Canary for USB


Just stumbled over that little USB Canary project - - i think its a nice idea - specially if the workstation is locked.

anyone know a way to actually stop a linux workstation from talking to new USB devices when it is locked?

dont think there is a good way to stop the kernel from talking to devices besides just removing usb support though @Eden or @Zoltan might know something that i dont

also bonus points for having a great seen some really bad ones with nothing more than a basic description of what of the program

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On the better hardware or open source BIOS you can disable the entire USB interface from being activated by the UEFI. That is a more pressing problem than when the PC is running but locked, because that's where the system would be more vulnerable.

For instance: if you would want to read something from the PC over the USB bus, and a linux system is running even though locked, you would have to know an exploit that would allow you to do that, and the RBAC/MAC would have to be set to permissive at least. In practice, you would have to already have malware on that PC, malware that is exempt from the RBAC of the system, so for instance the proprietary nVidia driver or something along those lines.

But, if you would shut off the system and fire it up again, the UEFI or BIOS would initialize a pretty functional USB interface for you, without asking questions. If it were a system with secure boot, chances are that secure boot is either switched off, which is something a lot of linux users do and all BSD and Mac users do, or it's a system that had windows on it or was prepared to have windows on it by the OEM, so it has the well documented Windows keys marked as trusted in it. So if USB booting is not disabled, the whole PC is pwned at that time, because rootkits can be installed, etc... on systems with a non-discrete TPM, this is even more of a problem.

However, even if USB booting is disabled, and if it's a PC that once had Windows on it or that has an Intel ME supporting chip or that comes from a particular OEM (cough Lenovo cough), merely the initialisation is already enough to probably get to the rootkits that are on the system (e.g. FlexNet for PC's that had Windows on them before or still have it in dual boot, Intel ME, Lenovo Care, ...). The portion of the boot disk that would be read to find the boot manager, something that the UEFI selects, would be read while the system was still not initiated by the operating system, but rather by the UEFI, so there would be no protection by the operating system. On Linux, the first thing to load would be Yama, then Systemd, and that would effectively block further attempt, because the kernel provides functionality to prevent such data access, but in order to read just that tiny single block 32 FlexNet rootkit that Microsoft and Adobe and Autodesk and nVidia and many others use for their DRM marking, it would be enough. It's definitely enough to see the identity of the owner of the PC and to have a basic profile of him/her based upon the DRM registrations.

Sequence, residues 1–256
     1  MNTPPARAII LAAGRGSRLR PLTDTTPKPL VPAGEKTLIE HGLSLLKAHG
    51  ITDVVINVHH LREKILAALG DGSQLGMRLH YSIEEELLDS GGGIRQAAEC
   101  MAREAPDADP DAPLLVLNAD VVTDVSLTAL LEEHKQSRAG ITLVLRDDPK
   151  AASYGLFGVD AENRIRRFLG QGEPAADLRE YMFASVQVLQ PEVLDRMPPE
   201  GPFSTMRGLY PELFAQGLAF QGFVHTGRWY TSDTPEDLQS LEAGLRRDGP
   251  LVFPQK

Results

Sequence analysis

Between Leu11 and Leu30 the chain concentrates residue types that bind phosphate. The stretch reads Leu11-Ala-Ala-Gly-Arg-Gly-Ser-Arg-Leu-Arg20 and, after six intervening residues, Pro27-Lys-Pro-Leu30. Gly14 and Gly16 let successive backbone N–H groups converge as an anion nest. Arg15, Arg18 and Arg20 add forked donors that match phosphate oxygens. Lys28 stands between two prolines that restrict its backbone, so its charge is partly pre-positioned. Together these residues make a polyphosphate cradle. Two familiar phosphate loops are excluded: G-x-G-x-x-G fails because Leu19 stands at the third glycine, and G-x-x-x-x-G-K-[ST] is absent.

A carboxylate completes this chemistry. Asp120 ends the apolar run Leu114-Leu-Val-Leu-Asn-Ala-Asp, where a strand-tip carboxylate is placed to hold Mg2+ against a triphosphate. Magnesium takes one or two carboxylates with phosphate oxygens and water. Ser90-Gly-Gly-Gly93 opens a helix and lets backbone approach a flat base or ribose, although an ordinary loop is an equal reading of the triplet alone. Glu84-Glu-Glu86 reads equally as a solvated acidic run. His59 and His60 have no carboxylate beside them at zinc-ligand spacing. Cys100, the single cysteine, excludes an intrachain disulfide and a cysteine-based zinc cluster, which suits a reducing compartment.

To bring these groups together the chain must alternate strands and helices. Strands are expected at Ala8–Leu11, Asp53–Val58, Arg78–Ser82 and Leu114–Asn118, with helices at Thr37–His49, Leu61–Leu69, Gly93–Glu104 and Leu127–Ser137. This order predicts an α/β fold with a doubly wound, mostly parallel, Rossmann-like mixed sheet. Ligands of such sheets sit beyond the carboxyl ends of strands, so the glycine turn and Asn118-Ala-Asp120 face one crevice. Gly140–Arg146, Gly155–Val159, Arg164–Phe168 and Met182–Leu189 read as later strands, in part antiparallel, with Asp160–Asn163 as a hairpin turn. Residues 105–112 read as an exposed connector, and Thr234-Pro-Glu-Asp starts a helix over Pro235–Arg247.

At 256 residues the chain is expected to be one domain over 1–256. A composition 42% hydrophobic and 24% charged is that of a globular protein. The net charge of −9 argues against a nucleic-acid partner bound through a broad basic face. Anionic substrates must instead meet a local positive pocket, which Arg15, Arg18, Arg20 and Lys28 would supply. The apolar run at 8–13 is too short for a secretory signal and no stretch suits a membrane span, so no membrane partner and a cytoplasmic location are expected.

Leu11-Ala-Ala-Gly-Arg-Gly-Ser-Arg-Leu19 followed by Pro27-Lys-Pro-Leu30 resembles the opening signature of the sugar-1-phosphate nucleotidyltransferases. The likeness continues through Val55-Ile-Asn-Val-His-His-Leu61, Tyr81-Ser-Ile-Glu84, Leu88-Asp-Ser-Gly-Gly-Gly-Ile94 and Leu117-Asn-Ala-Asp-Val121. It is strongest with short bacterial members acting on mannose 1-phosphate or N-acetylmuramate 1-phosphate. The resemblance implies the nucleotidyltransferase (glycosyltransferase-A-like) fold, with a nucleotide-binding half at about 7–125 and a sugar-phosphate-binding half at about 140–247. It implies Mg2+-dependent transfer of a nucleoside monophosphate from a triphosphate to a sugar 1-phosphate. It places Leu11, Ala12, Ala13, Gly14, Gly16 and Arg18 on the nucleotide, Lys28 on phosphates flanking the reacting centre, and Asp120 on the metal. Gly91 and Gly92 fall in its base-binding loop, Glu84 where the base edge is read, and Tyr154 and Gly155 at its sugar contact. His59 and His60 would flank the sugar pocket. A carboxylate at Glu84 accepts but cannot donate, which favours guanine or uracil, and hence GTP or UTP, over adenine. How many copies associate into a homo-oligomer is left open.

Edit: and it gets worse sometimes lol. On linux and BSD, the support for OPAL is refused up until now because it would trust the UEFI with the keys to the encryption of the hard drive. On other systems, it could be enabled. So for instance that sexy Samsung SSD (which has had OPAL functionality since forever, because Samsung does primarily mobile, and there it makes sense), unless you're on an open source operating system, the UEFI will actually load the decryption key for your hard drive to get to your operating system, so while on basic full hardware initialisation through the UEFI. That is just about the ultimate backdoor to any full drive encryption. In linux and BSD, you normally make two boot partitions, one is the boot-efi, which loads grub from UEFI, and there GRUB takes over as boot manager from the UEFI. Then GRUB loads the init.rc or initramfs initialising system of linux, which loads the decryption over user input and starts to decrypt the drive to get to the operating system. It's not perfect because those two boot partitions are unencrypted, and again, if there was windows installed before on that PC, or still is in dual boot, the FlexNet rootkit will be in the first boot partition, unencrypted, loadable by the UEFI, but at least it won't load a decryption key. Some users but the actual initramfs boot partition in the /boot directory under root, so that Grub has to load the decryption key (from user input), then initramfs (which has no way of getting it from grub) asks for that key again to decrypt the OS partition. Most users put it in the extra unencrypted /boot partition, so that grub doesn't load any key, but only initramfs does. No solution is perfect, but the second is probably a tiny bit better, because the UEFI basically loads GRUB, but has nothing to do with initramfs, so there is an extra hurdle there for a UEFI functionality based intrusion.